The American truck industry is in a state of mild fear since President Trump’s proclamation on 30th May that he intended to impose a new round of tariffs aimed at Mexico, which has once again sent shockwaves rippling through the financial markets, as well as the automotive industry.

While experts say the initial impact on truck operations will be minimal, the effects will become more dire with each passing month if the dispute is not resolved quickly.

President Trump announced he would implement a 5 per cent tariff on all goods coming in to the USA from Mexico, staring on the 10th June, unless Mexico worked to stem the tide of illegal immigration crossing the U.S. southern border. He threatens that if the flow of refugees was not stopped he would increase the tariff to 10 per cent on 1 July 1, 15 per cent on  1 August, 20 per cent on 1st September and finally 25 per cent on 1st October. 

While the moves are sure to please President Trump’s base of conservative voters, the moves do not come with the real possibility of inflicting cost increases on American consumers across a wide swath of products and industries – including trucks.

Contrary to President Trump’s claims that nations pay for tariffs, it is actually consumers in the country imposing tariffs who end up footing the bill for the increased prices tariffs create. This means the price of vehicles and components produced in Mexico could rise as a result of the president’s actions. The automotive manufacturing sector and other industries in Mexico are responsible for massive freight volumes between the U.S., Canada and Mexico, and those freight volumes could drop off considerably if demand for products produced in Mexico drop because of increased prices created by tariffs.

Avery Vise, vice president of FTR Transportation Intelligence, said that if the tariffs continued to rise to 25 per cent, truck makers would be in a difficult position and it would inevitably have to pass those costs on to buyers.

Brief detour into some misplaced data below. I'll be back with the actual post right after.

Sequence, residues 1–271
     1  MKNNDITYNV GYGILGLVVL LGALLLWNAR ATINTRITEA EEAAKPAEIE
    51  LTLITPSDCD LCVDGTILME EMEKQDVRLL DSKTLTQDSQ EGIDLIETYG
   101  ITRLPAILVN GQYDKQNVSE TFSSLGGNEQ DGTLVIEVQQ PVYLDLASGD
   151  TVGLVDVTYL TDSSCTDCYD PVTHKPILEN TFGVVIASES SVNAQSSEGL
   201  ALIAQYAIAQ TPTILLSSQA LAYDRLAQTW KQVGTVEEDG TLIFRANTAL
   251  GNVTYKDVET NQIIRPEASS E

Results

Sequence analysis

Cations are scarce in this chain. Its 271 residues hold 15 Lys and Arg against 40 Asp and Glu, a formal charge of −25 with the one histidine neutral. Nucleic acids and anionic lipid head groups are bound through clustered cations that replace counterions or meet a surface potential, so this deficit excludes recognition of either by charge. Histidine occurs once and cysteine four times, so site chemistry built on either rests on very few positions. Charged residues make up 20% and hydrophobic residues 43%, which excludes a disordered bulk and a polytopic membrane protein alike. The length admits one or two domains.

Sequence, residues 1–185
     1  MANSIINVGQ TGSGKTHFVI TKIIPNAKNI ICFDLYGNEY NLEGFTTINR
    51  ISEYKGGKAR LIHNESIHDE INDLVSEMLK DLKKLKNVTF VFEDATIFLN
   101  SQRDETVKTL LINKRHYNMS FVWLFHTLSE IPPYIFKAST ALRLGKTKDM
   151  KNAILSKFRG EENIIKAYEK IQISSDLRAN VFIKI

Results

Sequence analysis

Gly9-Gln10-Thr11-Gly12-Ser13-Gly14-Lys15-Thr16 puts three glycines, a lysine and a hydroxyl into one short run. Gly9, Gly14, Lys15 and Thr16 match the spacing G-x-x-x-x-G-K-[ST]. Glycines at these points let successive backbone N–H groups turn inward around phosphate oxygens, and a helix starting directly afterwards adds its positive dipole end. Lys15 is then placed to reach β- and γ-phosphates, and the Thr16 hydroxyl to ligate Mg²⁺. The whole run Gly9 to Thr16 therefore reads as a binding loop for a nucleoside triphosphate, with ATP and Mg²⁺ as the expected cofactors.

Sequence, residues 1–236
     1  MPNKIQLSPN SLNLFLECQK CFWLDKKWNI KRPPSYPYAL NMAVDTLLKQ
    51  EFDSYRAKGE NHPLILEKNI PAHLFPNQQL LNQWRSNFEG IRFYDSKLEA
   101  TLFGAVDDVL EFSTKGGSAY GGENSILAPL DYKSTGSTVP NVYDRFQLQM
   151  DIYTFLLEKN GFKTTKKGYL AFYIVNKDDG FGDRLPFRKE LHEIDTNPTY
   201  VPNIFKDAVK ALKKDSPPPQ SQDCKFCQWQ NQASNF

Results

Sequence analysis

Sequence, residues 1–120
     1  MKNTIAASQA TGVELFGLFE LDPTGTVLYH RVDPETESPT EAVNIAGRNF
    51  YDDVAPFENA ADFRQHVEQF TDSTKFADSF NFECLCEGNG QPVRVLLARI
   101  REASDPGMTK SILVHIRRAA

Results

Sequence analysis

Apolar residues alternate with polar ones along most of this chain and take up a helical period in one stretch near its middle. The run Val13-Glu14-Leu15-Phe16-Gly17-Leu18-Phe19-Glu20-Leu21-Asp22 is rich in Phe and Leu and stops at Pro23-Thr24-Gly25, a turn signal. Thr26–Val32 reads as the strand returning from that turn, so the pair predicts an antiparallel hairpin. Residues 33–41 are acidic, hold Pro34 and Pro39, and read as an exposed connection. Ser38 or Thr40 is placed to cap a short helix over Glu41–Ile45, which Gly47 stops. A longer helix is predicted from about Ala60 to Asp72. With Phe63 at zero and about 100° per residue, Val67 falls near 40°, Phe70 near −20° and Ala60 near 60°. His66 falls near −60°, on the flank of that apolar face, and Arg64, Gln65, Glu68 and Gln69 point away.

“There could be some impact as fleets suddenly reevaluate market conditions to determine just how badly they need new trucks, however I wouldn’t expect to see much impact on overall truck pricing until the tariffs peaked in October,” said Mr Vise.

However Vise cautioned that if the dispute drags out over several months, it is likely consumers and businesses will begin to seek alternative goods and products as the prices of Mexican ones increase, to the point that freight volumes could decline considerably.

“There’s a lot at stake here. Mexico is one of the United States’ top trading partners, and there is a lot at stake here for the transportation industry. The border crossing in Laredo, Texas, alone accounts for 20 per cent of the value of goods being moved by truck in North America,” said Vise. 

“So we’re talking about a huge market for trucking. If this trade dispute drags on into the third quarter carriers tied to the cross-border market will be affected disproportionately by these rising tariffs,” he added.

Another worrisome point for Vise is the fact that unlike President’s Trump’s past tariff threats, this latest one is not actually tied to any sort of economic outcome.

 “There are a lot of things unclear about this situation, we don’t know how it will be implemented, or how long it will last,” he added. 

“Tariffs aren’t used this way very often. The tariffs implemented against China were intended to change trade practices. In this case, it’s to change an immigration policy. So it’s hard to determine if this will work, and how we will quantify things to determine if and when it does work. It’s just a highly unusual situation,” said Vise

Truck and automotive components and parts manufacturers represented by the Motor and Equipment Manufacturers Association, which includes the commercial truck focused Heavy Duty Manufacturers Association, came out strongly against the threat. In a press release, the association and said the move would only serve as an additional tax on the American people and put jobs and investment in the US at risk.

Leading North American truck and engine OEMs, including Daimler, Paccar, Navistar and Cummins, have production facilities in Mexico. 

In a statement Daimler Trucks North America said that ‘being a globally active company it welcomes trade agreements that reduce trade barriers and promote free and fair trade and that this trade and investment are key factors for innovation, employment, growth and prosperity’.

“In this context, companies depend on reliable framework of conditions, transparency and predictability in order to make long-term investments. Trade disputes always entail uncertainties, both for companies and for customers,” said the Daimler statement.

Paccar  said in its statement  that it operates truck factories in both the U.S. and Mexico and that its strategy is to produce trucks in the markets in which they are sold. 

“Therefore, the vast majority of trucks produced in Mexico have been for Mexico. Paccar supports free and fair trade, and the USMCA.” (The U.S.-Mexico-Canada trade agreement that is supposed to replace NAFTA, the North American Free Trade Agreement).